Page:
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Paper of record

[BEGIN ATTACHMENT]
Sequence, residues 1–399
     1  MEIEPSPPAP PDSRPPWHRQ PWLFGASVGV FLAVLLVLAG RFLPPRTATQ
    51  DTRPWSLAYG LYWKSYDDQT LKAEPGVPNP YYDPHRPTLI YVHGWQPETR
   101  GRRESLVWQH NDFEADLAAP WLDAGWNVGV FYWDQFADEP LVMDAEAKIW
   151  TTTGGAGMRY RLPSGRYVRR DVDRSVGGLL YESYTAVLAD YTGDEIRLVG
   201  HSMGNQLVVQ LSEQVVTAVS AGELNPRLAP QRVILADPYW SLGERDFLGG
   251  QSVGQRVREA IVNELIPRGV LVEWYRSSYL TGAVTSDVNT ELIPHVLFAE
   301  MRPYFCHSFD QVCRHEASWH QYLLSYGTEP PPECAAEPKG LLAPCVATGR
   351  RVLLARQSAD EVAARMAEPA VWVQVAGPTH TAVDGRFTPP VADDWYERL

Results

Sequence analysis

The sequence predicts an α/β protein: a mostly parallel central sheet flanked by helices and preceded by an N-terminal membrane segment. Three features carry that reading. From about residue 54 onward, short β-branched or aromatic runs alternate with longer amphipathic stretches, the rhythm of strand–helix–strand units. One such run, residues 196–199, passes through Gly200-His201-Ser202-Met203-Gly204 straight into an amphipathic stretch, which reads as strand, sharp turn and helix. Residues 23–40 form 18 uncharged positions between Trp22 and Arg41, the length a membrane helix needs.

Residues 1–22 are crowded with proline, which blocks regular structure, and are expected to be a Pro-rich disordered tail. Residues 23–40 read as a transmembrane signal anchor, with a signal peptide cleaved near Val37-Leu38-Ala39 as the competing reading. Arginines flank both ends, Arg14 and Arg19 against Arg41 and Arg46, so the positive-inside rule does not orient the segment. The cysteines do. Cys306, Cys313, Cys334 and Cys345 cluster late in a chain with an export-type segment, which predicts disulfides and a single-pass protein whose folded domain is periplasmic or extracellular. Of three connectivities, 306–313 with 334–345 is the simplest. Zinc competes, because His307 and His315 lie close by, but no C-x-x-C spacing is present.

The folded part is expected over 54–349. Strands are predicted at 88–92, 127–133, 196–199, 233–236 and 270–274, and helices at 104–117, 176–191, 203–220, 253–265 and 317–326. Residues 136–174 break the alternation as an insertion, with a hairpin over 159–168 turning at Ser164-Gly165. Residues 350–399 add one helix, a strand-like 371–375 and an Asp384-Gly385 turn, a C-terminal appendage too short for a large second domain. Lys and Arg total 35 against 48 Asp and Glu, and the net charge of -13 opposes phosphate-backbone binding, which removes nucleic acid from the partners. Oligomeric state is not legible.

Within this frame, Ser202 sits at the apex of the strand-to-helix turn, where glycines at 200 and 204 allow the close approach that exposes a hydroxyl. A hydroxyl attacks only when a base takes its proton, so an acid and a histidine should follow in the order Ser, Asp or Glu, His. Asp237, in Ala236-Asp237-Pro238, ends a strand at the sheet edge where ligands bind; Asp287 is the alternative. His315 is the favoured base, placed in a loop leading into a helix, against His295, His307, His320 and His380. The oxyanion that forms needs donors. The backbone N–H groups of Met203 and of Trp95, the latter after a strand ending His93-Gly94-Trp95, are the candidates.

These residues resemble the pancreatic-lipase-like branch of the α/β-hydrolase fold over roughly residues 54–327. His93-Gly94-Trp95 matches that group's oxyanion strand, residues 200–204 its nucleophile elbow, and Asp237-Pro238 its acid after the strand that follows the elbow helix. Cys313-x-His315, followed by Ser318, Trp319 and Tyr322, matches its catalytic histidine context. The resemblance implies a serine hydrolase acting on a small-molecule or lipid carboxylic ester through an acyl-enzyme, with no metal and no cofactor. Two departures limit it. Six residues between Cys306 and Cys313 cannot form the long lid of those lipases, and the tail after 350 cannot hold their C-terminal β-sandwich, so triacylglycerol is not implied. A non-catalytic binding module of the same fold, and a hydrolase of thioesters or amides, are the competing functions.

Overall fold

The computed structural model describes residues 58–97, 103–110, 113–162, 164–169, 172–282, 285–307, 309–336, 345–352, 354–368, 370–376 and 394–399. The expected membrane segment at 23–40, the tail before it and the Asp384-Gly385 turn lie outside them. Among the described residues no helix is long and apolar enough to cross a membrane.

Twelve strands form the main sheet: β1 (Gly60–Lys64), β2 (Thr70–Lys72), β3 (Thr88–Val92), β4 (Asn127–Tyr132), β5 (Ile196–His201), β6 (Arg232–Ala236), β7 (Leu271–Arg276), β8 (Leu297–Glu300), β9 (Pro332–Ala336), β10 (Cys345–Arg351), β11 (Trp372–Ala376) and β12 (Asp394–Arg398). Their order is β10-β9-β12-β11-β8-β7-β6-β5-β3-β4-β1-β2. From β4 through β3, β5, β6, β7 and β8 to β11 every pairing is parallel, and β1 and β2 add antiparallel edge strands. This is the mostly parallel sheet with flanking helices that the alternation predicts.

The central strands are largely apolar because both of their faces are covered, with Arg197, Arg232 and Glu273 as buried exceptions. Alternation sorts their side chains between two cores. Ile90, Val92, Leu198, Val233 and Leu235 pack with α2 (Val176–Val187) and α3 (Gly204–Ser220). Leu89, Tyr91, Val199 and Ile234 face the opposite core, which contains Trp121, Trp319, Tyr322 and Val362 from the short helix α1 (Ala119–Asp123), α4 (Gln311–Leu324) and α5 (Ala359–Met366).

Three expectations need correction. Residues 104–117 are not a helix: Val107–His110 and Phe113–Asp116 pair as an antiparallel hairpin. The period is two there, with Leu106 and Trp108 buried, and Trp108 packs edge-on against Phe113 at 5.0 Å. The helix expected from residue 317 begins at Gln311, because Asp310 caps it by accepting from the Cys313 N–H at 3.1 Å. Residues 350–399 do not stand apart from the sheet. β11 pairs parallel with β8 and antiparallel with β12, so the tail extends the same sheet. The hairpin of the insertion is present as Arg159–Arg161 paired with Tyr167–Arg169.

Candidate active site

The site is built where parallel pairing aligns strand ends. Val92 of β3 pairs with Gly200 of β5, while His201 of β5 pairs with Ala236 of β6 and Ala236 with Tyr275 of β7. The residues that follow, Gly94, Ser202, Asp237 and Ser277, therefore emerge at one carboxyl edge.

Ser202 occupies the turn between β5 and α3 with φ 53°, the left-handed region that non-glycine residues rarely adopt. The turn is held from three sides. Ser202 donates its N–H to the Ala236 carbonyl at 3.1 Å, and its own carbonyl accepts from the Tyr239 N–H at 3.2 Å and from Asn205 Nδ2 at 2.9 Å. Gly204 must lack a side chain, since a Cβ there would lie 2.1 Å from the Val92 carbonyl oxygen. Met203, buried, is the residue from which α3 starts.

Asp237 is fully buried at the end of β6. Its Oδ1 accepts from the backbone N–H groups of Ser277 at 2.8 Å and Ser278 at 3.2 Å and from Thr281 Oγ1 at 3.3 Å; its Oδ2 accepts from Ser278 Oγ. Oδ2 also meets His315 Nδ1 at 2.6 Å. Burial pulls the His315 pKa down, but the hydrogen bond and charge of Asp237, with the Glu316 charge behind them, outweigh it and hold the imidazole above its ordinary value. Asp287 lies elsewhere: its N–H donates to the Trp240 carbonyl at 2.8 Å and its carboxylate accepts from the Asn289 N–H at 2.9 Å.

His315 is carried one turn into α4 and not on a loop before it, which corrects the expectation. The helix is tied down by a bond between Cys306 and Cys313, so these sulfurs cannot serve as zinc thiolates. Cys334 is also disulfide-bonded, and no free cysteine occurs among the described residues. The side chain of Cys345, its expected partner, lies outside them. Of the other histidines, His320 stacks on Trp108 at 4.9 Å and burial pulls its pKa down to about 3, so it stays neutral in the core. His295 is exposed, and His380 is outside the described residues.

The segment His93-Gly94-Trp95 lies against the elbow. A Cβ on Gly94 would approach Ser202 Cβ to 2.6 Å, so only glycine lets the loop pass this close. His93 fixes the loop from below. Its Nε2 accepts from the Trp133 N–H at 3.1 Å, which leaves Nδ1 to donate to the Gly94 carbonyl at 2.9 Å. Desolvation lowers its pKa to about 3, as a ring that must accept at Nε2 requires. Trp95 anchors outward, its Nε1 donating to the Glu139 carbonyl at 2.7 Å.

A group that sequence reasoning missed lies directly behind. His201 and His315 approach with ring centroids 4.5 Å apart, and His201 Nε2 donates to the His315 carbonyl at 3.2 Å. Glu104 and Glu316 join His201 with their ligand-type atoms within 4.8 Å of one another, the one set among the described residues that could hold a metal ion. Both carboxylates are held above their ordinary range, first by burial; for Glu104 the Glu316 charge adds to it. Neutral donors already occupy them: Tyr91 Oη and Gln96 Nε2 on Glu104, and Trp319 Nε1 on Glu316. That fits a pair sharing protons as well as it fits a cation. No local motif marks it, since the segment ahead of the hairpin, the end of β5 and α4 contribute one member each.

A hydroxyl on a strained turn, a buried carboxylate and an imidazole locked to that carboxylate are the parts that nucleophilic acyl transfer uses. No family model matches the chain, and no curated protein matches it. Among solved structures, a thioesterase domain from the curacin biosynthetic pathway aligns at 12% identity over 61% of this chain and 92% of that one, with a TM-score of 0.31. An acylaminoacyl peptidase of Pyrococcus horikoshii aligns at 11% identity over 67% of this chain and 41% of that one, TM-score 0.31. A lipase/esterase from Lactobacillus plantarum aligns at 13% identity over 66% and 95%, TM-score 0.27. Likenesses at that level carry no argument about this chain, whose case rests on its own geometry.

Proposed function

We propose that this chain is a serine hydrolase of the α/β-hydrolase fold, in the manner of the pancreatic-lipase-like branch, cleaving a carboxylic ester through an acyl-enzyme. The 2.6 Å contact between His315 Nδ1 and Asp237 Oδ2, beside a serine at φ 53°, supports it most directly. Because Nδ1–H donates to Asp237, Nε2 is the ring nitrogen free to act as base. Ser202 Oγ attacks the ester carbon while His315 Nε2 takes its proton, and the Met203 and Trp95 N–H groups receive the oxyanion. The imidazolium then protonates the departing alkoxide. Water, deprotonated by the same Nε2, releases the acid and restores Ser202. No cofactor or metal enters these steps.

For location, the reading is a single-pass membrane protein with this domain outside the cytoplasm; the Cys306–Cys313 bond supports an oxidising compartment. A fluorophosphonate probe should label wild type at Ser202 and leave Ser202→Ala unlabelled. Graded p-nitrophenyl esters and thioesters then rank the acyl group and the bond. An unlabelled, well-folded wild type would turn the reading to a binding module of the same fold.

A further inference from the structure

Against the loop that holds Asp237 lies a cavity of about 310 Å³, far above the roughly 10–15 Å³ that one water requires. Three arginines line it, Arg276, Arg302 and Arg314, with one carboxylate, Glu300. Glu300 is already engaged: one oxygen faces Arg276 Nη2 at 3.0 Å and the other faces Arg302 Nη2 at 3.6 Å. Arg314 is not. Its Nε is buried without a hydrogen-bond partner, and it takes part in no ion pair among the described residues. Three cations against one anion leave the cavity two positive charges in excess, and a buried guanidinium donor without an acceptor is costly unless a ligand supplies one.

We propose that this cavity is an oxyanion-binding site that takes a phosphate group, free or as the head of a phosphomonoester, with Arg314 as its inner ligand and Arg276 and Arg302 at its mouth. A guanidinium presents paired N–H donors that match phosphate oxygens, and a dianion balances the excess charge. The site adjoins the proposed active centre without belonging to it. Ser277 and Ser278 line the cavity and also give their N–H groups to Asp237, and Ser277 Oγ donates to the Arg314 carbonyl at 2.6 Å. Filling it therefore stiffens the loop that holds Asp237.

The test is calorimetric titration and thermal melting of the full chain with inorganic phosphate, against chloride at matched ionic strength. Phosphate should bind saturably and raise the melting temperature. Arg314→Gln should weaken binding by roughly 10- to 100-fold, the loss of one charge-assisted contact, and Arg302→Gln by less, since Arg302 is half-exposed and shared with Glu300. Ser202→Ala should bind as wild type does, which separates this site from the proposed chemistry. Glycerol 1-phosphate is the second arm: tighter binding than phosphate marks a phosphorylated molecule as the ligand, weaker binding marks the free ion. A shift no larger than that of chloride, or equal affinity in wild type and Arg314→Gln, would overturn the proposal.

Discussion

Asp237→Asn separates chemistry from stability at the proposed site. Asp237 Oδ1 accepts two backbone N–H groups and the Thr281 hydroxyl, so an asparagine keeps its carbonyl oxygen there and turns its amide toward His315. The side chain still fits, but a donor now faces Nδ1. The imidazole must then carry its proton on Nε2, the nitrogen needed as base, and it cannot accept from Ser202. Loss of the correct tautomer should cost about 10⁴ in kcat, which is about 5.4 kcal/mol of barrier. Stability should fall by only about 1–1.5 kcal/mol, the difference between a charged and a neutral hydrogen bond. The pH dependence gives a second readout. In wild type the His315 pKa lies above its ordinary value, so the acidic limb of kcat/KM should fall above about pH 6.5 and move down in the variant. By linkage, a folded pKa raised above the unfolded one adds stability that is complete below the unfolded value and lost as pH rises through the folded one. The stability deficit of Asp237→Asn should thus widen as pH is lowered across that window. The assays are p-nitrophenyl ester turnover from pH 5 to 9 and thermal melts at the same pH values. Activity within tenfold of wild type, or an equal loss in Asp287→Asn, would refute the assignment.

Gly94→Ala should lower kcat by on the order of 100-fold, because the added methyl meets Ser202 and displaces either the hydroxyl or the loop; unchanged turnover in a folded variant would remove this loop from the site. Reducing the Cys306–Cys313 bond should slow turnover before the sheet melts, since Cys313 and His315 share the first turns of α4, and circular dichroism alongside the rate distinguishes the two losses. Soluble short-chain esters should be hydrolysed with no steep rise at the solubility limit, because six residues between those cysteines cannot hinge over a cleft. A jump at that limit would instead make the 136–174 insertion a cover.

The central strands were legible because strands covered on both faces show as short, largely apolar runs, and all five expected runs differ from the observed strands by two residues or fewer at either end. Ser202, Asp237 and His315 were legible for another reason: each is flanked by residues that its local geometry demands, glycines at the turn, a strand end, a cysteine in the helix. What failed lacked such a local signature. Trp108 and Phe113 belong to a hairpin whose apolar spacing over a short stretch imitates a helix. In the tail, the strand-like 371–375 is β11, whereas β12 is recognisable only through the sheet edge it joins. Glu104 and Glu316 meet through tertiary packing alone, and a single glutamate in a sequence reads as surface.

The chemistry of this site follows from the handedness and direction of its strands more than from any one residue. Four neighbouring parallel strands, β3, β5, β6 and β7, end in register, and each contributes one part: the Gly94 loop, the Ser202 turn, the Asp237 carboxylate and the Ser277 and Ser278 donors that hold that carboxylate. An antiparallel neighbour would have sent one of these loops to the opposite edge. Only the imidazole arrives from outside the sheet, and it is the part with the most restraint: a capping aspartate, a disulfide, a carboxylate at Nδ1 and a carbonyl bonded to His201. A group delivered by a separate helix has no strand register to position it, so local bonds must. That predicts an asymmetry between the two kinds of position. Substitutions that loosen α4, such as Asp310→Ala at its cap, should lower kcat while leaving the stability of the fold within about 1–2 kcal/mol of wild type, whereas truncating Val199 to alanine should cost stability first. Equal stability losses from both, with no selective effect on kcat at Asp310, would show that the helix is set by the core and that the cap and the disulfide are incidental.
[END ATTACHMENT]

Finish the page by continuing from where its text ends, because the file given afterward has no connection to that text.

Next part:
Resting on the bottom shelf of a large bookcase in my office sits a small cedar box, held tightly closed with a gold, heart-shaped padlock. Inside are mostly tears, cried by generations of my family over the deaths of various members – mothers, fathers, sons, daughters, husbands and wives. It is impossible to know who put this box together and why it was felt necessary to keep it locked, but there it is, starting with the murder of Alcide, my great-grandfather’s brother, near Basalt and ending with …? Perhaps a young girl, suddenly without a mother at the age of 11, or my grandfather, mourning the loss of his young wife, decided to gather up the obituary clippings from The Aspen Times and keep them in one place. As time passes, the history within becomes more potent. The one constant in the wooden container, other than the reports of transitions, is the newspaper that printed the obituaries and attendant articles – the Aspen Times. At first blush, it would be easy to think that, for our family at least, the Community Church played a role in most of those family happenings and perhaps has a record almost as detailed, but I doubt it. Each announcement cut from the Times adds a little more depth to the still unfinished painting of the family canvas – a little detail here or there that was previously uncovered, or had been forgotten. Of course, we’ve saved lots of other clippings from the past to commemorate items of interest – weddings, births, sundry events including birthday parties my siblings and I had as small children – and which are saved in many boxes of historical articles, pictures, folders, etc. I’ve been fortunate to make the cover of the Times twice, once as a wild horse race competitor at the W/J with Keith Patterson and Johnny Chiodo, battling the toughest horse we ever took on, and we’d faced a few. It was an incredible photo, taken by Neal Blue, one of probably only one or two black people ever to work at the Times. I think Blue’s official title was janitor. The other time, Mary Hayes and Chris Cassatt did an in-depth story on the purchase of a new team of Belgian draft horses (Pete and Pat), bought from the Amish.In an odd sort of way, the newspaper was, and is, the epicenter around which our lives are lived, the tome that records significant changes in our existence and in that of our families. Big events almost always get covered, such as deaths, weddings and births, but a lot of the little stuff doesn’t see print anymore, simply because we’ve outgrown our ability to keep such close tabs on each other.Interestingly, my paternal grandmother, Grace Prindle Vagneur, worked for The Aspen Times in her younger years (after marrying my grandfather), as a roving reporter from Woody Creek to Snowmass. I cherish a couple of columns with her byline on them. The Times was there to report my birth, and in some ways, I feel like I more or less grew up with the newspaper. Dan Ringle, son of a former owner, was a friend of mine, and we followed the ski racing exploits of Judy Ringle, Aspen Ski Team member, with fervent interest. School friends looked forward to Thursday afternoons and the opportunity to make a little money selling the Times on the street. There were no marble games, no jumping on the tramp, no BS, on paper day – those kids became captains of their own destinies and hustled uptown to do their thing, young entrepreneurs all. So, what can you say? One hundred twenty-five years of keeping tabs on all of us and the events surrounding our lives has been a monumental task, but done in a way that has endeared The Aspen Times to those who know her. Keep up the good work! Tony Vagneur looks forward to the 250th. Read him here on Saturdays and send comments to ajv@sopris.net


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